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Elder Neil L. Andersen of the Quorum of the Twelve Apostles speaks April 2 during the 186th Annual General Conference of The Church of Jesus Christ of Latter-day Saints.

"God loves children. He loves all children," Elder Neil L. Andersen of the Quorum of the Twelve Apostles said during the Saturday afternoon session of general conference.

"We recognize the many good parents across the world, of all faiths, who lovingly care for their children," Elder Andersen said. "And we gratefully acknowledge the families in [the Church] who are wrapped in the care of a father and mother converted to the Savior, who are sealed by the authority of the priesthood, and who are learning in their family to love and trust their Heavenly Father and His Son, Jesus Christ."

Elder Andersen addressed his remarks to the children, youth and young adults who do not come from these 'picture perfect' families. "I speak not only of the youth who have experienced death, divorce, and diminishing faith of their parents, but also of the tens of thousands of young men and young women from all around the world who embrace the gospel without a mother or father to come into the Church with them," he said.

"We will continue to teach the Lord's pattern for families, but now with millions of members, and the diversity we have in the children of the Church, we need to be even more thoughtful and sensitive," Elder Andersen advised. He shared examples from the lives of his friends Bette and Leif who each felt singled out or scared because their parents didn't come to church with them.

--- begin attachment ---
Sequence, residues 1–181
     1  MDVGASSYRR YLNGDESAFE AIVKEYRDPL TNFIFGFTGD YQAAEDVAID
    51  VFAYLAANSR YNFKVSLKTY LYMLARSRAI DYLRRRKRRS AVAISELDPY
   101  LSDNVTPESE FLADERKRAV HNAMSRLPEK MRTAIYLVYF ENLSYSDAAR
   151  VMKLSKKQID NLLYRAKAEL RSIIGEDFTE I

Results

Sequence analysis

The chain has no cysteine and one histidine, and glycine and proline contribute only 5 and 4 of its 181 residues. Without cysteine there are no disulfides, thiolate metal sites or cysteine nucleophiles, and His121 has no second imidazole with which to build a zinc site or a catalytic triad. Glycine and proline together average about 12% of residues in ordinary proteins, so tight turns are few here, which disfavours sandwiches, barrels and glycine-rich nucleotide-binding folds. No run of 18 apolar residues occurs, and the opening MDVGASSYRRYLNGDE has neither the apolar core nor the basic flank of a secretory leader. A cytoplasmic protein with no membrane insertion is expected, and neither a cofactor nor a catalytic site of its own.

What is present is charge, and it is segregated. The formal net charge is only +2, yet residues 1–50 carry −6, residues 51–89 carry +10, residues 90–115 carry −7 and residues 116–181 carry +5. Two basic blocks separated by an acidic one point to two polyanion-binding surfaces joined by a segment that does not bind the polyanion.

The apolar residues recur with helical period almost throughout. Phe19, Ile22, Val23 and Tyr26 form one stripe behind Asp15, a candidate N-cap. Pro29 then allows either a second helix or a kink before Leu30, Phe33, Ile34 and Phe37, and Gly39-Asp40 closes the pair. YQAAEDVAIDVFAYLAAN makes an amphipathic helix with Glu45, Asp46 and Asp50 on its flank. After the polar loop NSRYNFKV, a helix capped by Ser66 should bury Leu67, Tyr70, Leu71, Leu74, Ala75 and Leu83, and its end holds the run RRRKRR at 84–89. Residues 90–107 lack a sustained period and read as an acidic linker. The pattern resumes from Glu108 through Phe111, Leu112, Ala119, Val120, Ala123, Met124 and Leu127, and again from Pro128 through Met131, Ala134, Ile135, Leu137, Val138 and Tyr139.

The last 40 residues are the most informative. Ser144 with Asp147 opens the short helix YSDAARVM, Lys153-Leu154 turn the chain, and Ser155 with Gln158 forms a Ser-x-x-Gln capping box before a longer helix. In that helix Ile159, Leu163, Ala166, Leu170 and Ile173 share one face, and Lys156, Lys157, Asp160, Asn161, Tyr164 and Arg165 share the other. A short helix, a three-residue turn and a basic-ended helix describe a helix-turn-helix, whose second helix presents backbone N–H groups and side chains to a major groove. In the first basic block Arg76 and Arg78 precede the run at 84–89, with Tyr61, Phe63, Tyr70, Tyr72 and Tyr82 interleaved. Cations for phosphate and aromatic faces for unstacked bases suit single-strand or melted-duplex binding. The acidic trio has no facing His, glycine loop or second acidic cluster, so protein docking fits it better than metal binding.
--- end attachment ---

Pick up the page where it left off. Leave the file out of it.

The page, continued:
Elder Andersen shared some of the testimonies of his friends who were blessed with "believing hearts and spiritual gifts."

"Our friend Veronique said, 'As I learned the principles of the gospel and studied the Book of Mormon, it was as though I was remembering things I had already known but had forgotten.'"

"While a child's earthly situation may not be ideal, a child's spiritual DNA is perfect, because one's true identity is as a son or daughter of God," Elder Andersen said. "Let's open our arms and our hearts a little wider. These youth need our time and our testimonies."

Many youth wait years to be baptized at the request of their parents, Elder Andersen said. For instance, brothers Colten and Preston have not received permission from their parents to be baptized. "Even though they can't pass the sacrament, they bring the bread each week," Elder Andersen said. "The greatest influence on helping our youth feel included, is other righteous youth."

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During a trip to Africa, Elder Andersen and his wife, Kathy, visited Mubji-Maya, Democratic Republic of Congo. At a meeting held outside under large plastic coverings supported by bamboo poles as the chapel wasn't large enough for the 2,000 members, Elder and Sister Andersen noticed dozens of children outside the fence looking in. "Kathy quietly whispered, 'Neil,' do you think that you might want to invite the children to come in?'"

When invited inside, "the children not only came, but came running," Elder Andersen said. "I was deeply moved by this experience and saw it as symbolic our need to reach out to the youth who feel alone, left behind, or outside the fence."

vjohnson@deseretnews.com

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